response.Body
            |> decodeUser
            |> Result.mapError ParseError
            |> Async.singleton
        | _ ->
            AsyncResult.returnError Non200Response
    )

Not too much is different here. We use mapError and bind from AsyncResult instead of Result. We also have to use Async.singleton to lift our decode Result into Async<Result>.

Nesting is pretty minimal, and it's pretty easy to see how our data flows from request to status code checking to decoding the response.

Computation Expressions, My Old Friend

All right, let's see how things would look if we instead go the other way and lean harder into computation expressions. We'll use the asyncResult builder from FsToolkit.ErrorHandling:

let getUser (url : string) : Async<Result<User, GetUserError>> =
    asyncResult {
        let! response =
            makeHttpRequest url
            |> AsyncResult.mapError (fun _ -> NetworkError)

        do!
            response.StatusCode = 200
            |> Result.requireTrue Non200Response

        return!
            response.Body
            |> decodeUser
            |> Result.mapError ParseError
    }

Nesting is eliminated completely — computation expressions are good at that. We traded in our pattern matching on response.StatusCode for an interesting helper, Result.requireTrue. Part of me prefers the explicit pattern matching, but Result.requireTrue seems to fit the style better here.

Of all the variants, this one seems to do the best job of separating the distinct phases of making the request, checking the status code, and decoding the response. Unfortunately, it also seems to give the worst compiler errors, e.g. No overloads match for method 'Bind' if you forget to call AsyncResult.mapError on your response Result. Computation expressions are awesome, but you almost need to understand how they work under the hood to be able to understand errors like this.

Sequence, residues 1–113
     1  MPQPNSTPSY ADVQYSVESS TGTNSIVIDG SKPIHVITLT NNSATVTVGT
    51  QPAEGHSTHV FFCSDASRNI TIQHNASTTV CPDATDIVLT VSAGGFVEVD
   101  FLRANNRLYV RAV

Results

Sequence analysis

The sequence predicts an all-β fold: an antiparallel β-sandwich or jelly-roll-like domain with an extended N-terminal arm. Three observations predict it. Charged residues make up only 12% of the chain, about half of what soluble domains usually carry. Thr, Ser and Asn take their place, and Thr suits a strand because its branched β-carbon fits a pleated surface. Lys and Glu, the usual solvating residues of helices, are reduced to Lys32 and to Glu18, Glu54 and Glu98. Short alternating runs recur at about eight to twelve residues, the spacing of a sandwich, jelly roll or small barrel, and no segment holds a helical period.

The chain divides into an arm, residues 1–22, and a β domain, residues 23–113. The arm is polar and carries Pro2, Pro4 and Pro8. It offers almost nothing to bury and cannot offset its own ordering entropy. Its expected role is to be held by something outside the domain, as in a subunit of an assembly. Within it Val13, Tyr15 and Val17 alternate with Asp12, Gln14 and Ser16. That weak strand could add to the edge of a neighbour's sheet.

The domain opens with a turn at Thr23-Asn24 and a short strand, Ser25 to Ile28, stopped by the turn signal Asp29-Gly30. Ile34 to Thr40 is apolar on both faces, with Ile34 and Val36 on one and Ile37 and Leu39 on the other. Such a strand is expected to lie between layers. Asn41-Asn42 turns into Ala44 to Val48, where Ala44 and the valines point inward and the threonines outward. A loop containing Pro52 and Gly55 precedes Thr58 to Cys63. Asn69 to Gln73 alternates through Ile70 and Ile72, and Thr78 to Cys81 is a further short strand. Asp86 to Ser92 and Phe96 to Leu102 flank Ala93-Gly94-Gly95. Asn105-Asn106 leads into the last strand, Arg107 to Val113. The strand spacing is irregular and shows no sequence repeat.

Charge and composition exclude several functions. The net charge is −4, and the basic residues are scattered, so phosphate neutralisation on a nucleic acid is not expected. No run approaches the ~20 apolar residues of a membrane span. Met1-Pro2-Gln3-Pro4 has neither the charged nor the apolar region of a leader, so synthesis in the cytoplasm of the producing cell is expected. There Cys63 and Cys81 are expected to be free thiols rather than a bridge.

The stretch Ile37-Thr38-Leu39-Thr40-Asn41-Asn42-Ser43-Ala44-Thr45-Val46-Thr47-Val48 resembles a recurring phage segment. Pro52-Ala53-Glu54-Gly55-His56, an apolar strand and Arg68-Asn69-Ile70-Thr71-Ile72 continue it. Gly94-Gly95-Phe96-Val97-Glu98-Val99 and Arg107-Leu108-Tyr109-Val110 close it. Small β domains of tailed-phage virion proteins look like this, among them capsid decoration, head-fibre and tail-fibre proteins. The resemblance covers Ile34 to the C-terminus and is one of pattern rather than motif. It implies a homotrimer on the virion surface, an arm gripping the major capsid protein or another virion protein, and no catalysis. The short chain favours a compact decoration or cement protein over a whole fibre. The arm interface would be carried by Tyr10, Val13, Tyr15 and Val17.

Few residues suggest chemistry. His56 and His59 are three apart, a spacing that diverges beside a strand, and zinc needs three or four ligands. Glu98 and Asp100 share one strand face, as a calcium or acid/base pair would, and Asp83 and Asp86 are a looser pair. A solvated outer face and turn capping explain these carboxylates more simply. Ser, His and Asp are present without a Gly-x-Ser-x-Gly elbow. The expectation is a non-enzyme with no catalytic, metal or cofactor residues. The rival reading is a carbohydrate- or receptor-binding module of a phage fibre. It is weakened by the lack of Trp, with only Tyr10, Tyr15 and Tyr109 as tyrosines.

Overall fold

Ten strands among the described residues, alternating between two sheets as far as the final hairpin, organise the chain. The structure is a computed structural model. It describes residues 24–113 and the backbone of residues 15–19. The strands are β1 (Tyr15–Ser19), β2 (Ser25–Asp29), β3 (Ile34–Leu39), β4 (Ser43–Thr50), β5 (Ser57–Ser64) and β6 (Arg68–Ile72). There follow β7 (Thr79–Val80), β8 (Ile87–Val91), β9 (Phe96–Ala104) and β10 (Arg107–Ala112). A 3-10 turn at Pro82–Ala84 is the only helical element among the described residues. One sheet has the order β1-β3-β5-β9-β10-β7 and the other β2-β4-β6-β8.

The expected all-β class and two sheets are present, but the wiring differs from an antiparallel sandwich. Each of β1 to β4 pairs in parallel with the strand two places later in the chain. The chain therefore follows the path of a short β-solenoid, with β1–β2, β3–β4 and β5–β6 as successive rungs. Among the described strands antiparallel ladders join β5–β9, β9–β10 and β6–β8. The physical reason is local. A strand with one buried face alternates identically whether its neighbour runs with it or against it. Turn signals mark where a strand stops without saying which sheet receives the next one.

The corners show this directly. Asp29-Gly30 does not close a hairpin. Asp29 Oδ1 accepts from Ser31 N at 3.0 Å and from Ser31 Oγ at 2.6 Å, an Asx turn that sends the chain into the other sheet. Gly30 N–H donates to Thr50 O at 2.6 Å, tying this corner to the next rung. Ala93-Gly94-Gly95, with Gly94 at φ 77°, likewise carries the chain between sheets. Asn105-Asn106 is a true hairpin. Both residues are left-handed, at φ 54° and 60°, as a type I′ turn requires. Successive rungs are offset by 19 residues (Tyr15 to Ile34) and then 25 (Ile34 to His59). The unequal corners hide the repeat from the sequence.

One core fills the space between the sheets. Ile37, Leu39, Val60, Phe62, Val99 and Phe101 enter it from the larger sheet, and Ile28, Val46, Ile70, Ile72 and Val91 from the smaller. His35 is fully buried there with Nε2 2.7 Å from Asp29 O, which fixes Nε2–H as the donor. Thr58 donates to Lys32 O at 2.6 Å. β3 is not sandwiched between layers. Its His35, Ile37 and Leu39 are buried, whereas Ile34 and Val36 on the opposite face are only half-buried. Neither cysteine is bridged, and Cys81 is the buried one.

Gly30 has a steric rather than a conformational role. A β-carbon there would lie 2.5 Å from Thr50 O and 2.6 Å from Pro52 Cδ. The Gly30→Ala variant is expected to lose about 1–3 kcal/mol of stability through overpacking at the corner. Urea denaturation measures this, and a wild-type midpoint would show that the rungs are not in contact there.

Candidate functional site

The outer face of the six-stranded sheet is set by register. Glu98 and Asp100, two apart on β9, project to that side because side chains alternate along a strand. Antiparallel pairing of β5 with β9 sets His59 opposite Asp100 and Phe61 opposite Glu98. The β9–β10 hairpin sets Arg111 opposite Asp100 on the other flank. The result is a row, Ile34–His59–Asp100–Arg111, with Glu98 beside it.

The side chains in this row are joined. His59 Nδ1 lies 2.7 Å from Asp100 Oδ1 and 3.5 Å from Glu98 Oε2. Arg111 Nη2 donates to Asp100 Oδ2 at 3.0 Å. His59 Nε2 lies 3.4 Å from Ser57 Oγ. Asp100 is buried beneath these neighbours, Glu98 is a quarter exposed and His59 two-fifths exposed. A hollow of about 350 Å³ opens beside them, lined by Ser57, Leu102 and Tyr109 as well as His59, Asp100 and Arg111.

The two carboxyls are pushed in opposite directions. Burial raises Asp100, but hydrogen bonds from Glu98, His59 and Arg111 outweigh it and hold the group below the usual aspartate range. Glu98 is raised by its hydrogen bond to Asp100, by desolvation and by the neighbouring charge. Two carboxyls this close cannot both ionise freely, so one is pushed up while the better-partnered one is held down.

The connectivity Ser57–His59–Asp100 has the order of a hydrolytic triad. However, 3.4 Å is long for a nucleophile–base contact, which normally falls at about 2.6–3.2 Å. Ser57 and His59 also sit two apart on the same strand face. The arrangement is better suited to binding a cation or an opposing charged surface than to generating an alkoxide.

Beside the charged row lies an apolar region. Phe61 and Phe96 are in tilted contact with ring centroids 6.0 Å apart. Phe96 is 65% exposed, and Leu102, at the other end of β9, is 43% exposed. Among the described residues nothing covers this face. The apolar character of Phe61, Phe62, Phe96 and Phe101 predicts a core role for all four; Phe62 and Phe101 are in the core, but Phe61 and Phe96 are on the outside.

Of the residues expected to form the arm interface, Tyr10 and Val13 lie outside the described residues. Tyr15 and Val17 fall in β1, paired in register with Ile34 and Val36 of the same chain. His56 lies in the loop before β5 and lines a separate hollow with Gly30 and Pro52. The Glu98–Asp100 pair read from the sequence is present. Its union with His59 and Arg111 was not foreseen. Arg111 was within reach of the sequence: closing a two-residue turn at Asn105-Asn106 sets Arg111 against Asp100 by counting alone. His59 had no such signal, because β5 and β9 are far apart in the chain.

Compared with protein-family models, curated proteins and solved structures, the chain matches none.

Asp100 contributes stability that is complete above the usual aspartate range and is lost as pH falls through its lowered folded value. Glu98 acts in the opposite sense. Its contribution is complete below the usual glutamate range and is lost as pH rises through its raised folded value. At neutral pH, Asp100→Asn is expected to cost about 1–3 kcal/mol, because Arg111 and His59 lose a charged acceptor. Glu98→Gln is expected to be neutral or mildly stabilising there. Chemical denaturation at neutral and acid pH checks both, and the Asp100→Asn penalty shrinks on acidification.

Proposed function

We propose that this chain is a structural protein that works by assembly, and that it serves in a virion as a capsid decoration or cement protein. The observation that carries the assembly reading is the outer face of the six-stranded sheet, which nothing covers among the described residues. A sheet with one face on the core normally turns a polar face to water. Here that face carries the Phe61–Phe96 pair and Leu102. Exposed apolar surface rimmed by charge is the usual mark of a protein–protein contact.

Conclusion

Which of these approaches is the best? It's not clear to me. All of the variants seem to come with their own set of trade-offs. Some are easier to write, but harder to read (and vice versa). Some are friendlier to beginners, and others use more advanced language features.

But that's kind of the point. There's no one best way to do it. It depends on the context, and you need to play around with it to find something that feels right. In the end, it may come down to personal or team preference.

I encourage you to get comfortable with all of the approaches I outlined. Start simple, and if you're not happy with it, then try a different approach and compare.


  1. Scott Wlaschin has written a lot on this topic. He coined the term Railway Oriented Programming to describe this style of monadic error handling. More recently, he cautioned about taking it too far. I like his distinction between domain errors, infrastructure errors, and panics as a guideline for whether you should use Result or exceptions. 

Discussion

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Brian Berns

I’m a fan of computation expressions, since they hide most of the boilerplate. One thing I don’t understand, though: Why would you ever get “No overloads match for method 'Bind'” as an error message from makeHttpRequest? That sounds more like a compiler error than an HTTP runtime error.

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Justin Hewlett Author

Yes, it's a compiler error when your types don't line up in the CE. I'm just saying that it's hard to know what you're doing wrong as you're writing it when you get cryptic compiler errors like that.

I'll clarify by changing "error message" to "compiler error"

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Brian Berns

Ah, I see. I agree that’s not a helpful compiler error at all. Might even be worth reporting it to the F# team as an issue.